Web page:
Saudi Arabia arrested 11 princes, including a prominent billionaire, and dozens of current and former ministers, reports said, in a sweeping crackdown as the kingdom's young crown prince consolidates power.
Separately, the head of the Saudi National Guard, once a leading contender to the throne, as well as the navy chief and the economy minister were replaced in a series of high-profile sackings that sent shock waves in the kingdom.
The crackdown was reported immediately after a new anti-corruption commission, headed by powerful Crown Prince Mohammed bin Salman, was established by royal decree late Saturday.
Saudi-owned Al Arabiya television reported that the princes, four current and dozens of former ministers were arrested as the commission launched a probe into old cases such as floods that devastated the Red Sea city of Jeddah in 2009.
State-run Saudi Press Agency said the commission's goal was to "preserve public money, punish corrupt people and those who exploit their positions".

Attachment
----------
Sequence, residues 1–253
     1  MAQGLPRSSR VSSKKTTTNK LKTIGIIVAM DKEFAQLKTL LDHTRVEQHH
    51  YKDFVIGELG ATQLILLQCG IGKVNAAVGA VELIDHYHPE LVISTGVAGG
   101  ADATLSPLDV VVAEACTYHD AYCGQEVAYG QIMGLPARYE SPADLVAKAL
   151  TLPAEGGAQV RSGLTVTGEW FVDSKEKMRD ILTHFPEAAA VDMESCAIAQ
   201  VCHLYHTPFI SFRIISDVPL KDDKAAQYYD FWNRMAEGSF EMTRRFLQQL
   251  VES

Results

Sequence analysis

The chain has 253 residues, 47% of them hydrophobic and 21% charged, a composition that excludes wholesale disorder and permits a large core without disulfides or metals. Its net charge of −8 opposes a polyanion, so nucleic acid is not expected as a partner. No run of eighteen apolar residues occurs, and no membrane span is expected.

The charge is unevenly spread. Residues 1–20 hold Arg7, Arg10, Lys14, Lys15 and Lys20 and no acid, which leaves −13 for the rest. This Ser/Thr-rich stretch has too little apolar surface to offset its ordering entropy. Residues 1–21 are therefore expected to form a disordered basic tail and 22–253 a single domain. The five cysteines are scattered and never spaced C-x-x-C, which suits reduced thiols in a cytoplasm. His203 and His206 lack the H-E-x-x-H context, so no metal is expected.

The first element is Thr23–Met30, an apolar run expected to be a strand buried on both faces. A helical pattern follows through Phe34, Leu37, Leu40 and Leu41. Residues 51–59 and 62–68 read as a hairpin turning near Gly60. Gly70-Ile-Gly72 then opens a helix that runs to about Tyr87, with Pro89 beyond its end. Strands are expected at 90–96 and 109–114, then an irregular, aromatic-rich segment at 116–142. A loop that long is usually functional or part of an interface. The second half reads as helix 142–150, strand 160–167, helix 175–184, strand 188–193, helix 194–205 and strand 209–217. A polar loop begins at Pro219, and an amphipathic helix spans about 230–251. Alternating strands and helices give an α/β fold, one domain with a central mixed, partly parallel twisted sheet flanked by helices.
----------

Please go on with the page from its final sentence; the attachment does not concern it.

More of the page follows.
Saudi billionaire Prince Al-Waleed bin Talal was among those arrested, Saudi news websites said though there was no official confirmation. The prince was not reachable for comment.
An aviation source told AFP that security forces had grounded private jets in Jeddah, possibly to prevent any high-profile figures from leaving.
Meanwhile, the kingdom's top council of clerics tweeted that anti-corruption efforts were "as important as the fight against terrorism", essentially giving religious backing to the crackdown.
"The breadth and scale of the arrests appears to be unprecedented in modern Saudi history," said Kristian Ulrichsen, a fellow at the Baker Institute for Public Policy at Rice University.
"The reported detention of Prince Al-Waleed bin Talal, if true, would send shock waves through the domestic and international business community," Ulrichsen told AFP.